Maharashtra on Saturday reported 1,723 COVID-19 cases and six deaths, which took the tally to 80,94,845 and the toll to 1,48,224, a health official said. This was a drop from the 1,846 cases recorded a day earlier, though the fatalities were higher, he pointed out.
Of the new cases, Mumbai Circle accounted for 1,144 cases, followed by 264 in Pune Circle, 154 in Nashik Circle, 58 in Kolhapur Circle, 43 in Nagpur Circle, 39 in Latur Circle, 12 in Aurangabad Circle, and nine in Akola Circle. Five deaths took place in Mumbai Circle and one in Nagpur, he added.
The recovery count increased by 1,845 in the last 24 hours to touch 79,34,878, leaving the state with an active caseload of 11,743, he said. Mumbai accounted for 5,177 of the active cases, followed by 2,449 in Thane and 1,803 in Pune districts, the official added.
State health department data revealed the recovery rate was 98.02 percent and the fatality rate stood at 1.83 percent. The positivity rate was 4.48 percent, while the overall number of coronavirus tests conducted so far was 8,40,21,397, including 38,421 in the last 24 hours.
Coronavirus figures of Maharashtra are as follows: Positive cases 8094845; fresh cases 1723; death toll 148224; recoveries 79,34,878; active cases 11743; total tests 8,40,21,397.
Frequently Asked Questions
A vaccine works by mimicking a natural infection. A vaccine not only induces immune response to protect people from any future COVID-19 infection, but also helps quickly build herd immunity to put an end to the pandemic. Herd immunity occurs when a sufficient percentage of a population becomes immune to a disease, making the spread of disease from person to person unlikely. The good news is that SARS-CoV-2 virus has been fairly stable, which increases the viability of a vaccine.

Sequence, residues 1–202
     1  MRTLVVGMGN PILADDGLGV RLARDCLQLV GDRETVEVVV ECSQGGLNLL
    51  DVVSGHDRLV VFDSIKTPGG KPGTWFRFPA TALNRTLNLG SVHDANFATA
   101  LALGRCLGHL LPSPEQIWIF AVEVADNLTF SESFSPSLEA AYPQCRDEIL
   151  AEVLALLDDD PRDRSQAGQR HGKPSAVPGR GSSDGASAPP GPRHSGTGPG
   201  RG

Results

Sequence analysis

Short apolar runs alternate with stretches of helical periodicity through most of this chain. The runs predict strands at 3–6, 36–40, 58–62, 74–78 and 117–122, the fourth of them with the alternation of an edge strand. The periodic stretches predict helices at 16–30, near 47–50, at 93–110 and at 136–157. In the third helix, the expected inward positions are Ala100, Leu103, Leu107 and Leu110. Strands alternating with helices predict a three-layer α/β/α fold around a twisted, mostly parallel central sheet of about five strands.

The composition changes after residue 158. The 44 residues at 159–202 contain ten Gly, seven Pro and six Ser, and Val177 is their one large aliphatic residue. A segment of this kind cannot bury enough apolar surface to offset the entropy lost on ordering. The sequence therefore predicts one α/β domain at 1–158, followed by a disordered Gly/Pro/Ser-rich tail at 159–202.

There are broadly four types of vaccine — one, a vaccine based on the whole virus (this could be either inactivated, or an attenuated [weakened] virus vaccine); two, a non-replicating viral vector vaccine that uses a benign virus as vector that carries the antigen of SARS-CoV; three, nucleic-acid vaccines that have genetic material like DNA and RNA of antigens like spike protein given to a person, helping human cells decode genetic material and produce the vaccine; and four, protein subunit vaccine wherein the recombinant proteins of SARS-COV-2 along with an adjuvant (booster) is given as a vaccine.
Vaccine development is a long, complex process. Unlike drugs that are given to people with a diseased, vaccines are given to healthy people and also vulnerable sections such as children, pregnant women and the elderly. So rigorous tests are compulsory. History says that the fastest time it took to develop a vaccine is five years, but it usually takes double or sometimes triple that time.